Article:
Making a training program for truck drivers mandatory in Alberta is expected to make roads safer for all drivers. Research and Development Lead with Continuing Education at Grande Prairie Regional College Chad Boone says the government’s recent announcement is a positive move for the industry.
“Required trainings for any individual prior to getting their Class 1 or Class 3 is a step towards making the roads safer for all motorists and also for those Class 1 and 3 drivers.”
Transportation Minister Brian Mason announced earlier this week that a mandatory training program for truck drivers will be introduced early next year. It will apply to anyone seeking their Class 1 (tractor trailer), 2 (bus), and S (school bus) licences.
Improved regulations had reportedly been in the works last year, but Mason says the Humboldt Broncos fatal bus crash pushed it up the priority list.
“Clearly, the terrible tragedy has focused everyone on the need to do even more to make sure that our highways and trucking system are as safe as possible.”
GPRC offers Professional Driver Training courses, including those for Class 1 and 3 drivers. Boone says even before the crash that killed 16 people, he was seeing more companies interested in training for their employees.
“I think this is something that would have happened organically. It seems that all industries have been placing greater emphasis on employee training over the last few years, to the extent that GPRC’s Continuing Education has actually been approached by different companies to provide custom Class 1 training.”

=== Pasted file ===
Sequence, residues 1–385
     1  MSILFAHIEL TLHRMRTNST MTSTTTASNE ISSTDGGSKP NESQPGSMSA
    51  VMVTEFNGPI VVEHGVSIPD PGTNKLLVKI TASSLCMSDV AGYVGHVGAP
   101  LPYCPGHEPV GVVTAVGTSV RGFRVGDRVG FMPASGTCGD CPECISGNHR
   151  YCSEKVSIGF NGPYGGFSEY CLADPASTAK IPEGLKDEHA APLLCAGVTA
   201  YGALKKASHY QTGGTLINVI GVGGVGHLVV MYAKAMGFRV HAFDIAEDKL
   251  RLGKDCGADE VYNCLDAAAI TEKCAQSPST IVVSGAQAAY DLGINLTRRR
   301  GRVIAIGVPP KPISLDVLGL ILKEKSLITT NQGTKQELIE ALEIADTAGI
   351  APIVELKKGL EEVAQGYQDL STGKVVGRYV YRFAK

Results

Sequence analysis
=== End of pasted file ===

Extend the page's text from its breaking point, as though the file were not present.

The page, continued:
Boone argues the majority of companies see the benefits of training, which include lower accident rates, less wear and tear on vehicles, as well as safer cargo, drivers, and roads.
The mandatory entry-level training program is expected to start in January 2019. Exactly what it will look like is still being worked on, with consultations planned for July. GPRC has already been given surveys, but Boone says he’s hoping for a face-to-face meeting.
“We’re excited to see what changes the government are going to be rolling out. We have already begun the process of identifying training that we could add on to our existing product.”
The province is also looking at introducing requirements for new commercial carriers starting a business in Alberta to prove they comply with national standards before getting safety certification. Currently, they have a 60 day period.
Changes to the road test model for all classes of drivers are also in the works and could include taking them back from the private sector. An independent report in 2016 found issues in the industry like inconsistent road test fees, poor service and even criminal activity.